I'm guessing it's job is to keep the boom and the mast on the same "plane", or "not" if that is what you choose. How do I fuigure out when to let it rotate "off of the same plane" as the boom....I gues what i'm trying to say is..."when and why"....(this is the fine tuning part)

Thank you so much for this forum and your help !!

Chris


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 Post subject: Mast rotation
PostPosted: Tue May 15, 2007 11:34 am 
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If you've ever flown by commercial jet, you'll notice on take off and landing that the FRONT EDGE of the wing rolls forward. Technically, those are known as leading edge flaps, and their purpose is to change the 'chord' of the cross section of the wing, which provides more 'lift' at lower speeds. The rear flaps do the same thing, but I want to use the example of leading edge profiles.

In vessels with rotating masts, you can achieve the same effect (sort of) by allowing the mast to rotate. At lower speeds, more rotation is a good thing as it provides more 'lift'. The higher the wind speed, the less rotation is required. Upwind and downwind are different.

Probably, Matt Bounds, sorry Guru Matt Bounds can give a better explanation, but this is how we teach our new cat sailors. Watch what other cat sailors do, follow their lead, ask questions like you have been, its amazing how much you can learn.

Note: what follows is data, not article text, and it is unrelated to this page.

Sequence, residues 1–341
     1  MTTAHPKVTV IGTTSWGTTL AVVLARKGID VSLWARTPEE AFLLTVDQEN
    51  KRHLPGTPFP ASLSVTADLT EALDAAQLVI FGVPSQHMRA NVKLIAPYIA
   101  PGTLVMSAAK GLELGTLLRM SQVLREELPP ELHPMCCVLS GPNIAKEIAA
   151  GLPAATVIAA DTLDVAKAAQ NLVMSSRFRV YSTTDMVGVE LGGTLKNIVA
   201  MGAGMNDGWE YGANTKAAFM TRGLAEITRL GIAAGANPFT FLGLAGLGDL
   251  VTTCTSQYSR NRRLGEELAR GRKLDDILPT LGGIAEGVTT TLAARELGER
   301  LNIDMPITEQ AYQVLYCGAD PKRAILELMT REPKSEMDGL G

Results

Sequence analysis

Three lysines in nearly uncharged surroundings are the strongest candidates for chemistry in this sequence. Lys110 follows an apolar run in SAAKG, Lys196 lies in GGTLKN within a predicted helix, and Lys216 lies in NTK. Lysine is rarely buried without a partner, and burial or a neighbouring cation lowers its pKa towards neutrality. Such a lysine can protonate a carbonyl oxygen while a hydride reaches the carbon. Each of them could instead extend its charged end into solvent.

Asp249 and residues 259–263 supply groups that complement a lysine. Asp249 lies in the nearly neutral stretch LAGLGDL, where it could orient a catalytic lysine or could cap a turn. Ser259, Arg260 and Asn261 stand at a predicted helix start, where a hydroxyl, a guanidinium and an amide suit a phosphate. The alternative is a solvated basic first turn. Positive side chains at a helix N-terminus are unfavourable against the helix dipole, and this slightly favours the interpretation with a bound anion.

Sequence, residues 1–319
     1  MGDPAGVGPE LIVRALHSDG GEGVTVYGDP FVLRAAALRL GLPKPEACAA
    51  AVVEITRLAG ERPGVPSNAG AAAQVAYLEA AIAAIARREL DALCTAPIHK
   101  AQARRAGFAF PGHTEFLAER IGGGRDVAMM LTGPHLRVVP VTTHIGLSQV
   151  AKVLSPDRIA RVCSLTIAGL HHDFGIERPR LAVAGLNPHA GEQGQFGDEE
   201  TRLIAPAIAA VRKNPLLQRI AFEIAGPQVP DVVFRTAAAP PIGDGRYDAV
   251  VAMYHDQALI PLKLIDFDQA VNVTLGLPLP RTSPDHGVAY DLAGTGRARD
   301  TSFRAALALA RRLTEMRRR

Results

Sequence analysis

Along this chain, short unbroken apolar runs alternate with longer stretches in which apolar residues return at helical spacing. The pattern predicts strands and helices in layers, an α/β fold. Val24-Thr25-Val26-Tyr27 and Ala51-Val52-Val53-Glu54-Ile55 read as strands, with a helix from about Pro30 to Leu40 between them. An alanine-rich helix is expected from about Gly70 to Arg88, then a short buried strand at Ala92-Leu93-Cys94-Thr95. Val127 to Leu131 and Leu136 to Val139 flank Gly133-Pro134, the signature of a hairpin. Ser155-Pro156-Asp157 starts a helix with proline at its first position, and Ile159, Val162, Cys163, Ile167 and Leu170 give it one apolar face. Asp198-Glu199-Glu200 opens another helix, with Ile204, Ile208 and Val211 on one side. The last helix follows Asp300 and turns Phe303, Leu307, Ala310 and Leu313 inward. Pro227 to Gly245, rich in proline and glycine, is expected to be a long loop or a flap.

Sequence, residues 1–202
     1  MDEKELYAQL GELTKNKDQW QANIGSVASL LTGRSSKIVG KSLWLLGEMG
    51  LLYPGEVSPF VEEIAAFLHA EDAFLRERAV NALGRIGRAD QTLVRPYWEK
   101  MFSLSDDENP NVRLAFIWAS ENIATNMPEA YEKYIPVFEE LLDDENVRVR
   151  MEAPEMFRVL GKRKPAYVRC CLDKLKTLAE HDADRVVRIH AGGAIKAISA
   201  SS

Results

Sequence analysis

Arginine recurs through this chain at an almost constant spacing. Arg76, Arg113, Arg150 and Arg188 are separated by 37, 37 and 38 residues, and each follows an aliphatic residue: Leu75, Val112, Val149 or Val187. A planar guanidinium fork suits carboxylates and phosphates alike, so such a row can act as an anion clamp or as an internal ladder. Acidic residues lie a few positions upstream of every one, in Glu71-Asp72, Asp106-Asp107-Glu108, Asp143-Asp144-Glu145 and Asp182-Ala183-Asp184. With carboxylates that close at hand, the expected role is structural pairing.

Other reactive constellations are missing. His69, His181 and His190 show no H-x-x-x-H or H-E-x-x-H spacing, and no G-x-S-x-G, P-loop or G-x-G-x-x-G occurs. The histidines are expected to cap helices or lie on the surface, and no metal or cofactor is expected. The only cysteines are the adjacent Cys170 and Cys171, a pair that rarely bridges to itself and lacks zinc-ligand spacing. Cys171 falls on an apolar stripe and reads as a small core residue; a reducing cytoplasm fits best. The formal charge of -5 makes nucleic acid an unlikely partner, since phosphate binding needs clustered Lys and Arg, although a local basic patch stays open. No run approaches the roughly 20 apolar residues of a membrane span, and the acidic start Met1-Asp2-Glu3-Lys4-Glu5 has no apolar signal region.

Good winds

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PostPosted: Tue May 15, 2007 2:27 pm 
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Location: Carolina Beach, NC
Thank you.

So low wind speeds, more rotation =/creates more "lift/power"...at higher wind speeds it is not ness....right?

Thank you very much.

Chris


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 Post subject: Holy Grail
PostPosted: Tue May 15, 2007 7:33 pm 
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Location: League City, TX
Chris:

This is the Holy Grail of cat sailing.

http://store.catsailor.com/tek9.asp?pg= ... =jqcmhpjpe

There is a whole chapter on the 17 by Carlton Tucker. Get it from Hobie Dealer is you can or from Rick. Will explain it all and cut three years off learning curve. Thee are the changes I have made.

http://www.thebeachcats.com/modules.php ... _album.php

Doug


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PostPosted: Wed May 16, 2007 9:08 am 
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Location: Jersey Shore
If by in the same plane, you mean, having the rotator bar pointed in line (parallel) with the boom, you never want that.

Mast rotation allows you to control two things- the angle of the mast relative to the apparent wind and the bend of the mast. As a general setting, you want the rotator bar to point in the vicinity of the shroud (sighting along the bar) for upwind sailing. In stronger wind, you can increase rotation (point the bar farther forward) which allows the mast to bend more which flattens the sail to depower (although increasing rotation increases drag because the flat side of the mast is presented to the wind).

Downwind, release the rotator so it will point approximately 15 degrees in front of the front crossbar. The leading edge of the mast will be pointing towards the apparent wind.

If you're not racing and just want a good all around setting, point the rotator at the shroud and leave it set.

sm




>>>I'm guessing it's job is to keep the boom and the mast on the same "plane", or "not" if that is what you choose. How do I fuigure out when to let it rotate "off of the same plane" as the boom....I gues what i'm trying to say is..."when and why"....(this is the fine tuning part) <<<